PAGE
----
Volkswagen Touareg review - sublime interior but sedate to drive
“The Volkswagen Touareg has a superb interior and lots of convenience and safety-boosting technology, but it's not a thrilling drivers' car”
- Relaxing to drive
- Class-leading interior
- Cutting-edge technology
- No seven-seat option
- Limited engine choice
- Feels rather numb to drive
Verdict - Is the Volkswagen Toureg a good car?
If you want a comfortable and luxurious SUV, the Touareg’s excellent interior will certainly be up to scratch. However, some may find it difficult to resist the allure of brands with a bit more of an established prestige image in this part of the market.
Volkswagen Toureg models, specs and alternatives
Sitting at the top of VW’s extensive range of SUVs is its flagship, the Touareg. Although the car has been around since 2002, it is now in its third generation and now has a look that brings it into line with the rest of the VW range, albeit with a more upmarket look than some of the brand’s numerous other SUVs.
The Touareg has since been joined by the midsized Tiguan, seven-seat Tiguan Allspace and entry-level Volkswagen T-Roc and T-Cross crossovers, plus electric ones. To give the Touareg room to breathe, it’s been made more premium, with powerful engines, slick technology and high-quality materials.
That seems like a brave move, particularly as it puts the Touareg in direct competition with such desirable machines as the Range Rover Sport, Mercedes GLE and BMW X5, as well as the Volvo XC90. Both the Audi Q5 and Q7 are arguably its rivals, too – especially as the latter shares its mechanical underpinnings with the Touareg.
As a result of the redesign, the Touareg is wider, longer and slightly lower than previous iterations, giving it a more athletic look. As with other flagship models from the Volkswagen Group, it also features a prominent grille and lashings of chrome to make it look both distinctive and expensive. A facelift in 2023 brought even sharper design, with a bolder front end and a fashionable horizontal light bar at the back.
Those bigger dimensions also mean there’s plenty of space inside for adults to stretch out, although there's no seven-seat option here, with the focus on luxury instead of maximum practicality. That’s out of kilter with most of its rivals and may be a drawback for some, although the good news is that there's a massive 810-litre boot and a heavy-duty 3.5 tonne towing capacity nonetheless. Clever tech like Trailer Assist makes reversing a caravan or horsebox an easier job, too.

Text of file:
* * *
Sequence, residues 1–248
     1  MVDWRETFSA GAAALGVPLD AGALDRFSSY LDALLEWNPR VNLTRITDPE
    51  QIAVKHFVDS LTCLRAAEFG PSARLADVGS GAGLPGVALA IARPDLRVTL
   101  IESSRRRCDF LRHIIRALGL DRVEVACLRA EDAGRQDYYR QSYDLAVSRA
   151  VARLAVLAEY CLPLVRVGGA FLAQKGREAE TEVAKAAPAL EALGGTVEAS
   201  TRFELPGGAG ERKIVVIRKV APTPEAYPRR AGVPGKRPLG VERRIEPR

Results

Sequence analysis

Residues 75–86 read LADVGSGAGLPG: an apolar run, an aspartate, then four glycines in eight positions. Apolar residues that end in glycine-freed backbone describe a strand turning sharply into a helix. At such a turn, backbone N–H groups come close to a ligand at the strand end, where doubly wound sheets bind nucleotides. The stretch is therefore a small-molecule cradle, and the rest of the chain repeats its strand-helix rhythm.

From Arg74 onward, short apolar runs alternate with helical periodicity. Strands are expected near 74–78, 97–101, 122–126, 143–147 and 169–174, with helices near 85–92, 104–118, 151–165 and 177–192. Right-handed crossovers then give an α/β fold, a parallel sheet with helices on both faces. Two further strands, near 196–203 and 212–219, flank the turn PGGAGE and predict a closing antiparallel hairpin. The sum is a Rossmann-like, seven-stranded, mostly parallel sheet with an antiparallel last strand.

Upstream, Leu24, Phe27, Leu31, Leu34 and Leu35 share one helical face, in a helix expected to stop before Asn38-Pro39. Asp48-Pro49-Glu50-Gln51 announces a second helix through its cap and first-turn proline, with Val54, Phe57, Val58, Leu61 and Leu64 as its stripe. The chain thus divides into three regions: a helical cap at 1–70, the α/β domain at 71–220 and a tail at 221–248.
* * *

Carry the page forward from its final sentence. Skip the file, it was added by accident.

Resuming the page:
Despite its load-carrying credentials, enthusiastic drivers will be pleased to know the Touareg shares its basic underpinnings with the Porsche Cayenne, Bentley Bentayga and Lamborghini Urus, with some of the magic of those three sprinkled on the more affordable VW. Clever active suspension, where fitted, counters body lean for improved composure compared to the previous models, while the engine and automatic gearbox are well suited to the type of cruising most SUV drivers will want to do – even if the big wheels mean the ride can feel quite firm at times. Smaller-wheeled cars (the most basic version comes on 20-inch wheels) ride much more comfortably, even on the basic steel-sprung car, which does without the air suspension of posher models. In fact, a car with spring suspension and 20s will be comfier than one with air suspension and 21s.
Buyers have plenty of trims to choose from in the standard Touareg range; in the past, those have included SE, SEL, R-Line Tech and R-Line Tech Plus, but since the 2023 facelift, only Elegance, Black Edition and R trims are available.
The sporty Volkswagen Touareg R is the range-topper. It’s the first R-badged VW to feature electrification; it’s actually a plug-in hybrid. Fittingly, the R is still the most powerful version, with 456bhp at your disposal and a 0-62mph time of just 5.1 seconds. It feels very heavy due to the hybrid components, while the air suspension is unchanged compared to the Black Edition model’s. Perhaps more importantly, you can get the same engine in a Porsche Cayenne for slightly less money. As a result, the ‘R’ treatment doesn’t really work on something this size, and the Touareg R is likely to remain a rare sight on UK roads.
All petrol, diesel and hybrid models use 3.0-litre V6 engines and send power through an eight-speed auto gearbox and 4Motion four-wheel drive system. Most Touaregs will be bought with diesel engines (these have either 228bhp or 282bhp, and are smooth and quiet), although the sole pure-petrol option, which makes 335bhp, makes an appealing choice for anyone with a lower annual mileage. So does a lower powered plug-in hybrid version, which uses a greatly toned-down version of the R’s power train, with 375bhp instead of the full-fat R’s 456bhp. No Touareg is slow, with even the least powerful diesel doing 0-62mph in 7.7 seconds, while the R can crack that milestone in just 5.1 seconds. Be prepared for some fairly horrendous fuel bills with use like that, though.
The interior really steals the show, thanks to VW's fantastic 'Innovision Cockpit', featured for the first time in the new Touareg. It sees the dashboard heavily angled towards the driver, with a 12-inch digital instrument cluster appearing to flow into a 15-inch central infotainment panel. This is meant to be customised by each user like a smartphone, with drag-and-drop tiles of information and various car settings assigned to your 'driver profile'. Not only does it look great, it’s intuitive and responsive to use. On older Touaregs it was standard from R-Line Tech upwards, or optional on other trim levels. After the 2023 facelift, it was standard across the range. The whole interior feels beautifully built, placing the Touareg ahead of many rivals.